Survivor: Nicaragua, week three

Survivor: Nicaragua

The theme of this weeks episode was predictability. Inevitably, each season of Survivor has an episode or two where there are no surprises or change-ups; everything thing you expect to happen happens. It’s only natural. Sometimes the game just works itself into a state where everyone’s optimal play is as obvious to us as it is to them.

So I wasn’t exactly blown away when Marty showed his tribe the immunity idol he found, or when Jimmy T. started mouthing off about his talents going to waste. And I yawned when bitchy ghetto queen Naonka spent five minutes’ worth of episode in confessionals reminding us she is, in fact, a bitchy ghetto queen. It didn’t surprise me in the least that, once the stronger tribe got its hands on the Medallion of Power they would choose to sit on it, then win the challenge anyway. Oh, and the losing tribe voted off its celebrity coach. Nobody saw that one coming.

What does surprise me is that an episode this by-the-numbers appeared this early in the season. There’s usually not enough room for strategic play this early in the game — too many cooks standing over too many pots. So instead of showing us how individual people are working to win the game, we usually spend the first few episodes learning about the cast. I usually spend the first few episodes of each new season identifying characters and getting a feel for alliances. This season though? I’ve never felt more like everyone is trying to remain on-script.

I cannot wait for Naonka to go home. Her big accomplishment this episode was shoving a girl to the ground, squashing the fruit the tribe had just won at their reward/immunity challenge, scampering off with the hidden idol clue, and then bragging about it for what felt like eons. I swear, in the time it took for Naonka to articulate how¬†amazingly proud she was of “going hood” on that one-legged white girl’s ass, continents divided and reformed.

Now, I’m not saying I wouldn’t have shoved the one-legged girl down for an idol clue. Heavens, no. By all means, if you’re out there on Survivor you should stomp like God to get your hands on that immunity idol. Tear down the foliage and set your camp ablaze if it’ll get you that million dollar check. If a bitch gots to get slapped, a bitch gots to get slapped. Stone cold straight up playa, you know what I’m saying?

My point here is that Naonka is missing the forest for the trees. She can see the idol just fine. What she can’t see is how the other people on her tribe are closing in on her. The way Fabio reacted to his smashed, broken bananas was heartbreaking. Naonka doesn’t care what Fabio thinks, of course; she doesn’t like him because of his big dumb hair. What she has got to understand, though, is that big dumb hair gets the same vote as everyone else. Big dumb hair can end her game.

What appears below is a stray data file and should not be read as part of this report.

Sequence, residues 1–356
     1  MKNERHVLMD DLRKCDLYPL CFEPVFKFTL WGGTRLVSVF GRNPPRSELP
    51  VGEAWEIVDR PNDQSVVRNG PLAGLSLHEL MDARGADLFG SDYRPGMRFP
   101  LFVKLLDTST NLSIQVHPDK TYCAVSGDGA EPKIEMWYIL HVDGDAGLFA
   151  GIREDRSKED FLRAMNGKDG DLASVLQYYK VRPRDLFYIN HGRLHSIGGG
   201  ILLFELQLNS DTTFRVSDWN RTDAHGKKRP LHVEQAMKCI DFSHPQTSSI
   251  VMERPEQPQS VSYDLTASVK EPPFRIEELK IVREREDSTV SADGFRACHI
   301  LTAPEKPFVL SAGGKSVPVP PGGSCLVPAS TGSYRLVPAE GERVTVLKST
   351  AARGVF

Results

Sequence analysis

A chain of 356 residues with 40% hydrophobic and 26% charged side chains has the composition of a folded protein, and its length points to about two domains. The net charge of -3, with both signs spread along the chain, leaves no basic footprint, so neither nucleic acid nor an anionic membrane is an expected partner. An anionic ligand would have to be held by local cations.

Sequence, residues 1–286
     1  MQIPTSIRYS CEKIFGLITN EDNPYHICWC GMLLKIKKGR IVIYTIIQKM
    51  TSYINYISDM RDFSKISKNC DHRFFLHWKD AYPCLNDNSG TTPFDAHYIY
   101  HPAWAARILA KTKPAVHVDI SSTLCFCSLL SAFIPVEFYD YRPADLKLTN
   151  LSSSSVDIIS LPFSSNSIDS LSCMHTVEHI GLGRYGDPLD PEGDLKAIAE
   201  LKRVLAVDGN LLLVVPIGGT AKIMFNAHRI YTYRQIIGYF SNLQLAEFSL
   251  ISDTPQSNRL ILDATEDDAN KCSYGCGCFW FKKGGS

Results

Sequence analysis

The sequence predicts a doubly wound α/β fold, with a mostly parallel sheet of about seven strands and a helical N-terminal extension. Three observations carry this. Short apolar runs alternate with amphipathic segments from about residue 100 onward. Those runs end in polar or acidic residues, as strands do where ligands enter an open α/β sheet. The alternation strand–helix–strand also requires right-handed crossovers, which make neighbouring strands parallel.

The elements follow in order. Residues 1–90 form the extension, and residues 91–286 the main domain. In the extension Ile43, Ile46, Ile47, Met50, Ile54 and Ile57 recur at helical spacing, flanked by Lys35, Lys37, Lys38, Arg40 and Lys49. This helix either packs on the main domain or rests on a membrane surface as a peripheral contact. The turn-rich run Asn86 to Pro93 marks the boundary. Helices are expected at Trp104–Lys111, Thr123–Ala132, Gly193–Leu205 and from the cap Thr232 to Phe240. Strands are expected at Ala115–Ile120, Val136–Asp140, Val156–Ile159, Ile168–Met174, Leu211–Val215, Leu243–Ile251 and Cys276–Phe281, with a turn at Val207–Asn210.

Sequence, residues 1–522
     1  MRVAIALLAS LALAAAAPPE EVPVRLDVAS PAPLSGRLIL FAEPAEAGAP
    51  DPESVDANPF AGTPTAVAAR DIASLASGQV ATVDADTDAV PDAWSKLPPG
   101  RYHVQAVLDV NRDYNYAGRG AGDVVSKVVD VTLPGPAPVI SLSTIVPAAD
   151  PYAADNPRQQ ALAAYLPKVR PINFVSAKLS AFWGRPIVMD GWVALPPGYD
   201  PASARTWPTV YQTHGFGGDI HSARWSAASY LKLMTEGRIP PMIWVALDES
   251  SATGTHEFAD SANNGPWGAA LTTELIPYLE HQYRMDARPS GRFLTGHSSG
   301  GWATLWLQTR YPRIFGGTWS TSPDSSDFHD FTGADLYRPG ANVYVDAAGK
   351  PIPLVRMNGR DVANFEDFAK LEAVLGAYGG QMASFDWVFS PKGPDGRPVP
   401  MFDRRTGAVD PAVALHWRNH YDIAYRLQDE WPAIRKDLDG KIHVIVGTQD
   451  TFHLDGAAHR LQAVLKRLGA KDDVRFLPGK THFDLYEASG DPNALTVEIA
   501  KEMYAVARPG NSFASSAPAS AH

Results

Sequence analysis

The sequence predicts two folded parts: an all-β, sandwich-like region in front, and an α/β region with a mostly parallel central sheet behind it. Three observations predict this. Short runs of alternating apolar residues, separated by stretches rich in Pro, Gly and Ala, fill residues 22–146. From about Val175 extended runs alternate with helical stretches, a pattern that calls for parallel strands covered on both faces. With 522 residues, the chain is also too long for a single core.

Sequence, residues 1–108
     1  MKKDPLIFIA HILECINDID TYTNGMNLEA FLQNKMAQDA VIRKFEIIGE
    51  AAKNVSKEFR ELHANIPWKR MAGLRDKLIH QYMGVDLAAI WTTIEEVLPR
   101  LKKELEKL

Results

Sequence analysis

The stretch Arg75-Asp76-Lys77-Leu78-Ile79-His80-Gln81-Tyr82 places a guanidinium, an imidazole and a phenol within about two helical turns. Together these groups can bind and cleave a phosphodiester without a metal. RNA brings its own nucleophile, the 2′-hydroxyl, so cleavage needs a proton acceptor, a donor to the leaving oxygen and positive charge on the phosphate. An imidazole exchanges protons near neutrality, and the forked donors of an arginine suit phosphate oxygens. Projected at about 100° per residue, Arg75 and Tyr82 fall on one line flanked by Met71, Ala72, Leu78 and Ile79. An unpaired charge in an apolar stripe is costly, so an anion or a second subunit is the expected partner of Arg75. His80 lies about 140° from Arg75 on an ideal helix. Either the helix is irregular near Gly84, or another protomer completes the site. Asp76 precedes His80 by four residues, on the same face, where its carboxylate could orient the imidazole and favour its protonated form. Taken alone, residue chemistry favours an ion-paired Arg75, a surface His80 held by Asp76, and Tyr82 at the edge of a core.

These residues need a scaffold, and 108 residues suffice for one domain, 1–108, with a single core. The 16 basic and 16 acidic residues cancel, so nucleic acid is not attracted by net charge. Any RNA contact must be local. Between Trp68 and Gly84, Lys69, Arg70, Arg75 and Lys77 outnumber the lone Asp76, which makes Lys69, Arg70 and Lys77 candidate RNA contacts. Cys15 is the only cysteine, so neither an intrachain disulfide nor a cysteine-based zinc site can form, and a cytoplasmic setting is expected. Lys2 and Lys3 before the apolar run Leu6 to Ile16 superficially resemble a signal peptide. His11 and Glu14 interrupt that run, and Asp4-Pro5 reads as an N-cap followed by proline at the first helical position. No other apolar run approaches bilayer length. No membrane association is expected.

The correct thing to do if you crush your team’s reward in order to get your hands on an immunity idol is to fall over yourself apologizing. A little humility goes a long way in this game. Naonka’s response of, “Bitch, fuck your bananas,” basically just unraveled any advantage getting the clue might have bought her.

Camp Oldie lost the immunity challenge, and they deserved to lose. Tribes competed by tossing beanbags at barrels. Land a beanbag on a barrel, score one point. Tyrone started tearing it up for the old folks, landing all the nearby barrels immediately and grabbing a huge advantage for his tribe. He then proceeded to whiff about thirty or forty bags while the rest of his tribe just sat there and watched. Jimmy T. was in the background the entire time, slowly going insane, begging Coach to put him in so he could play. Eventually Tyrone was pulled back, and Jimmy T. did land a point, but by that time the young kids had found their groove and won the challenge.

This is a prime example of how some people play the game by made-up rules, to their own detriment. Jimmy T. waited for Coach Jimmy’s permission to go in and play not because Coach was the team leader, or because doing otherwise was against the rules of the challenge. He didn’t even balk when Probst mocked him for it during tribal council. From the tribe’s point of view, though, Jimmy Johnson was in charge of who played and who didn’t. He’s the coach after all.

So Jimmy T.’s entire tirade about how his talents were going to waste because Coach wouldn’t put him in… well, they just sounded like a convenient excuse to get rid of the celebrity player, if you ask me. Jimmy T. could have yanked Tyrone out of the challenge at any time, but he didn’t. He let the perceived leader take the fall. Calculated strategy? Or just rule blindness? I don’t know that I want to give anyone any credit this season.

Who’s gonna win? Marty thinks he’s smart, but Jill is way smarter. You could see this during their little transaction, where Marty gave all these logical reasons for wanting to get rid of Coach Jimmy… and Jill’s response was “yeah, okay, whatever”. Jill is very much planning to use Marty as her smokescreen. I can’t wait until she knifes him. With the understanding that there are no good players whatsoever this season, I’m going to say Jill for being smart enough to use an incredibly mundane, but effective, strategy.

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